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If a Machine Could Make You Happy, Would You Do It?

Artificial Intelligence (AI) makes many claims, some quite futuristic, others just around the corner. Somewhere in the middle lies the prediction of human behavior, with the attendant claim that if people are predictable, this could be the future of well-being.

 

To predict when someone is going to get angry, sad, afraid, or tense is already well within reach. AI is developing readouts of muscle activity and related bodily responses that indicate what the brain is going to do. Going a step further, at the MIT Media Lab they’ve taken enormous steps into translating thoughts—i.e., words in our heads—into signature brain signals. These signals can be digitized, and suddenly, a thought in your head can be sent to Google’s search engine via Wi-Fi, allowing you to search the Internet simply by thinking.

 

If you put these breakthroughs together, a new model of human behavior emerges, one based on predictability and reading the signals originating in the brain that attend predictable behaviors. AI experimenters get very excited about the notion that the brain, and the behavior it triggers, can be mathematically reduced to equations that in essence turn people into a complex of algorithms. The excitement is justified, because anything that can be expressed logically is understandable in computer language.

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The spiritualistic vs. scientific worldview: Finding common ground

Famously, the Book of Genesis opens with the presumptuous statement that, “In the beginning … God created the heavens and the earth” (Genesis 1:1). This very first line of the Bible has put the Christian faith – or any other faith for that matter – in direct contrast with the scientific worldview, which states that everything is created by chance and that matter is all that exists. Between both irreconcilable ideologies, there lies a world of endless possibilities to explore that may shed a more comprehensive light on the extraordinary nature of our existence.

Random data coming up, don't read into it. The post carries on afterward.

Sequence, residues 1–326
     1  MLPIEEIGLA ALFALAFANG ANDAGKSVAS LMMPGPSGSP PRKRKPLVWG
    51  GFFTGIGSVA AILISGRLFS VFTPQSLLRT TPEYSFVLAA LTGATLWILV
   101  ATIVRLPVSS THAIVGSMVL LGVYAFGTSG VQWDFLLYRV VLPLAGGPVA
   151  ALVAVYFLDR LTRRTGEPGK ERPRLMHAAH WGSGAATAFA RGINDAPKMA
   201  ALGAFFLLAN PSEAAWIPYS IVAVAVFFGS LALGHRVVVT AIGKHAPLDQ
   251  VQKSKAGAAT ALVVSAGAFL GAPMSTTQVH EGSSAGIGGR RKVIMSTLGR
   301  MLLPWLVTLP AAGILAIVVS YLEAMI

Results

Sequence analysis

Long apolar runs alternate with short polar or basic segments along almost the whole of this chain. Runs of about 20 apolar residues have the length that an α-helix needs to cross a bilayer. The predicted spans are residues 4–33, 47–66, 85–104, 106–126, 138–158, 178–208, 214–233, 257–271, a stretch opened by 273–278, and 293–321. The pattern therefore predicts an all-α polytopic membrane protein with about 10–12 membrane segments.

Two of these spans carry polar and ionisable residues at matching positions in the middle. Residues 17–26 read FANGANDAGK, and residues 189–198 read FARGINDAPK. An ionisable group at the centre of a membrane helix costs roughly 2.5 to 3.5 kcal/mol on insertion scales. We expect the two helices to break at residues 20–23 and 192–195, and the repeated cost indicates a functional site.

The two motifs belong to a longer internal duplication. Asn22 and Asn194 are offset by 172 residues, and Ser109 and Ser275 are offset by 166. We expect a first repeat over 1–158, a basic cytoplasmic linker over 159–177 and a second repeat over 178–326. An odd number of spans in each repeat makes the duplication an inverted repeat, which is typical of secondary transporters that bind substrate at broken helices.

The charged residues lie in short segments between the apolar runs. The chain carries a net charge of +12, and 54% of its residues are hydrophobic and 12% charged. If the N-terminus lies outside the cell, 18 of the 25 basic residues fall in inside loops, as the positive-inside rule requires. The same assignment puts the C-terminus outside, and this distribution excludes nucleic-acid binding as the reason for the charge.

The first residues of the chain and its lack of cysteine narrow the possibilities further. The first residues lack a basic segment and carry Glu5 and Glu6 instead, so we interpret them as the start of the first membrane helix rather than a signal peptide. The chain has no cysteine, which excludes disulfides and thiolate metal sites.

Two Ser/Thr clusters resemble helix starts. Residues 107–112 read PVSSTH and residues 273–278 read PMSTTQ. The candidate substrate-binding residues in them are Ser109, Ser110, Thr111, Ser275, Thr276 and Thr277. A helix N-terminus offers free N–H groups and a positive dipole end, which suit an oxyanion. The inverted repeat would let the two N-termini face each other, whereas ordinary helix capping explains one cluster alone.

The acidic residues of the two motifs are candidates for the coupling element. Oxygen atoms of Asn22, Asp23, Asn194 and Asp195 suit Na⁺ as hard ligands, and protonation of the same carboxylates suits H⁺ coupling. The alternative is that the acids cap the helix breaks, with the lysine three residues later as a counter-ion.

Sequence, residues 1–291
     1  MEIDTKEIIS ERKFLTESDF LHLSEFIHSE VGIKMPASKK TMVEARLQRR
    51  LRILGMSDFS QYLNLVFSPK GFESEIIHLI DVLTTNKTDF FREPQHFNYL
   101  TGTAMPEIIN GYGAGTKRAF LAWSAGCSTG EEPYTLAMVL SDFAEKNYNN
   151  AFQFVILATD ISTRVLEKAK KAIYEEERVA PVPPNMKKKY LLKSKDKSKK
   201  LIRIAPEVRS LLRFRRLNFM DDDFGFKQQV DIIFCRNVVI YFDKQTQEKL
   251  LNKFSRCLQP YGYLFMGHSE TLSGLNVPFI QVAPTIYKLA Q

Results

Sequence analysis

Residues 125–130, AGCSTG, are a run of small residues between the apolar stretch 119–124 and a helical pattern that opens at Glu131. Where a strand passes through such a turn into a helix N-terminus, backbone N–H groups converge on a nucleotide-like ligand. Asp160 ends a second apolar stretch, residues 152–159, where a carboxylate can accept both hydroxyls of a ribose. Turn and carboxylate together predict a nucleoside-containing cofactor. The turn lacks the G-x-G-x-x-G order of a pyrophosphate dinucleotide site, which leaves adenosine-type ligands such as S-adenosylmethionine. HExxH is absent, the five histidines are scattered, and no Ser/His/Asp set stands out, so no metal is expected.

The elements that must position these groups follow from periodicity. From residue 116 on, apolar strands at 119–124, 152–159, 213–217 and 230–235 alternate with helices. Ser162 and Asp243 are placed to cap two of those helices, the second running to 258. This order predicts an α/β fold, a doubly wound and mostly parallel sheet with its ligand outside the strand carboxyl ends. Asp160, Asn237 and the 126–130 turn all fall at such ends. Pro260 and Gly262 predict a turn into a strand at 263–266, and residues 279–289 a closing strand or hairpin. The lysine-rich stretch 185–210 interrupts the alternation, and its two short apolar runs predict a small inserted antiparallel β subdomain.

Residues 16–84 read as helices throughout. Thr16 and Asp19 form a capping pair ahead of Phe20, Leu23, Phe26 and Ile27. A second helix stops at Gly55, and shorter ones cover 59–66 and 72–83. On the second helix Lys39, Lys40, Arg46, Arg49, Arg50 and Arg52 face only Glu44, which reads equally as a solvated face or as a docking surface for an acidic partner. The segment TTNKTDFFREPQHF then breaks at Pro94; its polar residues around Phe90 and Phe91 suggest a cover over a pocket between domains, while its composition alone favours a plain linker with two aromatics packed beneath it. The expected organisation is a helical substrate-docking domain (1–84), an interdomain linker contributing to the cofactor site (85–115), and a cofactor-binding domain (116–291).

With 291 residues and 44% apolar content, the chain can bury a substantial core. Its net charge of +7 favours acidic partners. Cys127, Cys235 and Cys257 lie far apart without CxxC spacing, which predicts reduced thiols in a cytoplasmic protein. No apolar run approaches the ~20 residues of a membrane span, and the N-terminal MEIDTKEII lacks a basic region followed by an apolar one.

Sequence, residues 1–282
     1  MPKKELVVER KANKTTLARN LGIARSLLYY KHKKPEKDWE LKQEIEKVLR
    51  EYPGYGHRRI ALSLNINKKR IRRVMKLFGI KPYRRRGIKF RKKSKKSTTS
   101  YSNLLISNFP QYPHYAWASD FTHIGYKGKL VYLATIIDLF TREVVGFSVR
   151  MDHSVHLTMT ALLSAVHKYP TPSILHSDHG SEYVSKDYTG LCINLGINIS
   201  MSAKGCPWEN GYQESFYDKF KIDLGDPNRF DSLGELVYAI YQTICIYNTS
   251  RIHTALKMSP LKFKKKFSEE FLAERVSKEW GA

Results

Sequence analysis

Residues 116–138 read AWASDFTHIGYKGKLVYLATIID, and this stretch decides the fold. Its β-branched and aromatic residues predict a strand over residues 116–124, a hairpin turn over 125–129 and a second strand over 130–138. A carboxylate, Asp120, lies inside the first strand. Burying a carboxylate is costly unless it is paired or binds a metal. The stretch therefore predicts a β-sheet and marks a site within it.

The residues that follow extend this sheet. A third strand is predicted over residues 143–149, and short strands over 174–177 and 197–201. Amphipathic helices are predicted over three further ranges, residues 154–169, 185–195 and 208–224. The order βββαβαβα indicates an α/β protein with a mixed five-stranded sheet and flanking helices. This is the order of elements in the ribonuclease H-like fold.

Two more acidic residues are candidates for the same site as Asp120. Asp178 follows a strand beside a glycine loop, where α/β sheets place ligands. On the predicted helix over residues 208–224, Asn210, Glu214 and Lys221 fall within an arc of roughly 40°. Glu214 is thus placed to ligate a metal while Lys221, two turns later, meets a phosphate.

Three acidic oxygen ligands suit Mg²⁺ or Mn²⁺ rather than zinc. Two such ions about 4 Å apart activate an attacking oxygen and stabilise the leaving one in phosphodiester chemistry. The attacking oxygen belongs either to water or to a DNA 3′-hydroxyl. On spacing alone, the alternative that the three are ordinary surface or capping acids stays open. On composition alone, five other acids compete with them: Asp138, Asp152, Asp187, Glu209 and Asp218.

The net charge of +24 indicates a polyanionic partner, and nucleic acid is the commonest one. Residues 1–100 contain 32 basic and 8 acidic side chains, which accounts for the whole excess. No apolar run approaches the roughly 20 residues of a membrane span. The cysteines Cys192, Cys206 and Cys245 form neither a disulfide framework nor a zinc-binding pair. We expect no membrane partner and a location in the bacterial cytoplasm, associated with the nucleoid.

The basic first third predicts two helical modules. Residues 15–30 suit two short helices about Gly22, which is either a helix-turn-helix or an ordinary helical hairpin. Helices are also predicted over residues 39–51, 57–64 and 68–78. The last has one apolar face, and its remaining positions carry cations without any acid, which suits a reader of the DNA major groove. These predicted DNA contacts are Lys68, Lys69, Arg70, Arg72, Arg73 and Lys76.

The materialistic vs. spiritualistic worldview has been a source of much dispute between scientific hardliners and religious fundamentalists. To figure out which of the two is more credible, let’s take a closer look at both positions.

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It's Time for Science to Accept Consciousness

Although it takes place outside the headlines, even those that deal with science, a heated debate is occurring about mind and matter. On onside is a camp of so-called physicalists, formerly known as materialists, who hold fast to the assumption that any and all phenomena in nature can be reduced to physical processes and the interaction of objects (atoms, subatomic particles, etc.) --these for the building blocks of the universe. On the other side is no single camp but a mixed assortment of skeptics who hold that at least one natural phenomenon--the human mind--cannot be explained physically.


When one explanation (the physicalist) is supported by the weight of highly successful theories in physics, biology, biochemistry, and neuroscience, and the other side has no accepted theory on its side, the debate seems totally unequal. But in David versus Goliath battles, be careful of rooting for Goliath. The possibility of a science of consciousness, which would involve a thorough explanation of mind and how it relates to matter, can't begin until the obstacles in its path are removed and old accepted assumptions are overturned.


That has already begun, on all fronts. In physics, the essential problem of how something came out of nothing (i.e., the big bang coming out of the quantum vacuum state) stymies cosmologists, while at the microscopic level the same mystery, this time involving subatomic particles emerge from the virtual state, is equally baffling. In biology the prevailing Darwinism cannot explain the quantum leap made, with astonishing rapidity, by Homo sapiens in terms of reasoning, creativity, language, our use of concepts as opposed to instincts, tool-making, and racial characteristics.


We are the offspring of the newest part of the brain, the cerebral cortex, and yet there is no causal connection between its evolution and the primal Darwinian need to survive. This is evident by the survival of a hundred primate species lacking a higher brain, reasoning, tool-making, concepts, etc. Finally, in neuroscience and biochemistry, there is zero connection between nerve cells, and their chemical components, and mind. Unless someone can locate the point in time when molecules learned to think, the current assumption that the brain is doing the thinking has no solid footing.

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30 Simple Ways to Create Balance and Connection